The amazing light and the green grass made for some delightful photography as the giants waded through the marshes, justifying Amboseli’s reputation as one of the best places in Africa to photograph the planet’s largest land-mammal. Calves gambolled insouciantly in the shadows of their protective mothers, as cattle egrets hung closely with the hanging trunks beneath the ubiquitous tusks. One youngster played with a tuft of grass, while another chased birds around. Yet another cantered aimlessly with a half-wet body, looking like a child in an amusement park.
Then it was time to fulfil the commonest dream of any Amboseli visitor – making images of elephants with the great Kilimanjaro in the background.
The perspective this offered was astounding, as even a huge elephant was dwarfed by the immensity of Africa’s highest peak, rooted in the earth but flirting with the skies high above the clouds with an ever-thinning snow-cap adorning its crown.
Then, they drove around and found a huge bull elephant with massive tusks in a marshy ditch just as the sun was preparing its daily plunge behind him. The golden sunlight, whitened by his tusks, gleamed off them, while everything around turned a fierce orange.
The group made plenty of wide angle images before returning to the lodge and enjoying an appetising dinner.
The next morning was very clear as the group feasted on the sight of more elephants. Then they saw a male Thomson’s gazelle in hot pursuit of a member of the fairer sex. Later, a herd of zebras flashed against the Kilimanjaro.
A coucal showed up afterwards.
Sachin then led his men and women to a Maasai village to meet some of its men and women, and the group had great fun understanding the cultural idiosyncrasies of this famous tribe.
After making several dozens of images, they were on the way back from the village when they found the same family of five cheetahs that had welcomed them so memorably the previous day, sitting now in the shade of a tree. Soon, they rose and walked through tall grass that concealed them perfectly.
But their intention was not concealed, and Sachin was equal to the task of predicting their migration path. He led them to another road in anticipation of finding them walking towards the vehicle – and sure enough, it wasn’t a fantasy anymore.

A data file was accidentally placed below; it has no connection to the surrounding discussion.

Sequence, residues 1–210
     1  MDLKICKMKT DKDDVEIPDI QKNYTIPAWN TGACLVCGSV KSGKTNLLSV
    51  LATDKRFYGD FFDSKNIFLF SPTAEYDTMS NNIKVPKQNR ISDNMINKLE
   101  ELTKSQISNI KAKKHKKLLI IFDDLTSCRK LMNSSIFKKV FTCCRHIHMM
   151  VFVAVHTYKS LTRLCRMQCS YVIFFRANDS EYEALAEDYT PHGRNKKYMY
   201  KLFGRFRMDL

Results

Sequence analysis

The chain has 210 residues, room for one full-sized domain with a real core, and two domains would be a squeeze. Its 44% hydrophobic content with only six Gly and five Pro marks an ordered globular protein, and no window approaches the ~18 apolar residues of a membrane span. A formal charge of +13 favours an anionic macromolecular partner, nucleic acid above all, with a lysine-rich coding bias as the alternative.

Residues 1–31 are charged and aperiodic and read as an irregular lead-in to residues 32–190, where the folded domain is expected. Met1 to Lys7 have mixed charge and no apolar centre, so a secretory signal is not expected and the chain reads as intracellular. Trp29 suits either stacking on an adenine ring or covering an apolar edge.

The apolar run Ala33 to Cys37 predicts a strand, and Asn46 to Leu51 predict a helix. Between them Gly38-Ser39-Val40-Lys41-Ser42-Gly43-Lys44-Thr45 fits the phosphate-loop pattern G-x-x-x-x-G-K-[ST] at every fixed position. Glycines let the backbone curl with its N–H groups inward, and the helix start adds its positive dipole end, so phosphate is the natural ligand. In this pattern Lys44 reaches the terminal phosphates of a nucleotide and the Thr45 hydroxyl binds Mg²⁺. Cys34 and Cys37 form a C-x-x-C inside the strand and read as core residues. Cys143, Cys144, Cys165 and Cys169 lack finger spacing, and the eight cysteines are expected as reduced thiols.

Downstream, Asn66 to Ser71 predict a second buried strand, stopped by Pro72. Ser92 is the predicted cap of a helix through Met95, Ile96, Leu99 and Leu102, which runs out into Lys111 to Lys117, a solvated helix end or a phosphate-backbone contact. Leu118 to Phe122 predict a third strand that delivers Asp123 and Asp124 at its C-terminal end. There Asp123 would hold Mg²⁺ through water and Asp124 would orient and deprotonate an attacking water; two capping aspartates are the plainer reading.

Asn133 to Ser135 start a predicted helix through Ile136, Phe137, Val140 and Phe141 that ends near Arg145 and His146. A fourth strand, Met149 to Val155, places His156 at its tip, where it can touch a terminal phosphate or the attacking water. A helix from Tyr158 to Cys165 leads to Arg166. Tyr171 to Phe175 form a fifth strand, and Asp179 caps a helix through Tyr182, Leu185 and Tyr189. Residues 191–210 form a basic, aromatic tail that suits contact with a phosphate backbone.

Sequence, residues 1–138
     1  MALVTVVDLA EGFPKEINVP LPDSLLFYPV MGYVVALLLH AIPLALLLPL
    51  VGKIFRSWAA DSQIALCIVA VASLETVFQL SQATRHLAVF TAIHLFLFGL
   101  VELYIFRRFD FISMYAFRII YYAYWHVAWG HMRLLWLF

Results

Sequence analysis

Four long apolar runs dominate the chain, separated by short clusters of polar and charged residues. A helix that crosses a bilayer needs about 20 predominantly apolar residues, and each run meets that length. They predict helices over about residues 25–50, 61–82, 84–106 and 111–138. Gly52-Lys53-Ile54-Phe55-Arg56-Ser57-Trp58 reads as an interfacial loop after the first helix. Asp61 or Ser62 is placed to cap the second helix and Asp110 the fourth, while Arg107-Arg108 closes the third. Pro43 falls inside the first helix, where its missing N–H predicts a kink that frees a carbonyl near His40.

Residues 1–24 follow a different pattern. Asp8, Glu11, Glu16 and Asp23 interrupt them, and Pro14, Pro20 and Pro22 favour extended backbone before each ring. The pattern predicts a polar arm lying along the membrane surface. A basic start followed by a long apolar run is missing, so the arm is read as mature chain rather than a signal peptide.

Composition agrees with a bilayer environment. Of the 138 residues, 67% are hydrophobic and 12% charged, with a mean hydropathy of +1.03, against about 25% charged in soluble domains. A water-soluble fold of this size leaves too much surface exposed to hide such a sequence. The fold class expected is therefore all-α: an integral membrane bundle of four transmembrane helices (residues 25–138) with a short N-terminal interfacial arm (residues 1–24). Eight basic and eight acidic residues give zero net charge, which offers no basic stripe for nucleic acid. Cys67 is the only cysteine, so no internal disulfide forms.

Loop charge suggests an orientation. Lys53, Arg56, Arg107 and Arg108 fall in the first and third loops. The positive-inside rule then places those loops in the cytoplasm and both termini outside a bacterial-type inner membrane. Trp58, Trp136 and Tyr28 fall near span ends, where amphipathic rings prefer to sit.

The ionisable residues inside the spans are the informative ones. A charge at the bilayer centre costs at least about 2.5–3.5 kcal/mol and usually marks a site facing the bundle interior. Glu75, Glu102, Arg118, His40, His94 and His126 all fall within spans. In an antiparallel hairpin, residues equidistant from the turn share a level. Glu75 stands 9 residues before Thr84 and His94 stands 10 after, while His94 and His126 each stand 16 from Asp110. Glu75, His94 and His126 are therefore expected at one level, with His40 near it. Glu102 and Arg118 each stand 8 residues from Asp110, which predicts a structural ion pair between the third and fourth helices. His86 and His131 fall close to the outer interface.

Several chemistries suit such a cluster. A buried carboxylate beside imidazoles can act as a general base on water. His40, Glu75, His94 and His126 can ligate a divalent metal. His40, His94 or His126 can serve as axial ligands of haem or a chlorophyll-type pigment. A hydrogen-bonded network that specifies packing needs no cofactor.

Then the cats commenced stalking, and duly chased all sorts of animals in decreasing order of homicidal feasibility, including Tommies, zebras and birds. Then the group left for lunch, leaving the cheetahs to pursue theirs.
Early in the afternoon they ventured out again and straight away found a pair of elephant bulls grazing right outside the lodge, which was a sizeably good start, before meeting some giraffe didn’t look like a tall order.
In the evening they saw their second pale-chanting goshawk of the tour, when soon after, they greeted more elephants with some lovely images of them against the light, their feet raising powdered gold from the aureate earth.
Then a Kori bustard, the heaviest flying bird on the planet, walked across the grassland, while a beautiful eagle-owl occurred just before their return to the lodge.
A hot shower later, Sachin delivered a highly illuminating session over tea, where he unhinged myths, tightened the basics and reinforced critical concepts to equip the group to make the most of the impending opportunities on the tour.
Early next morning they checked out and departed for Lake Nakuru, a Goliath heron on the way out reminding them of the exotic time they’d just spent and the exciting things yet to come.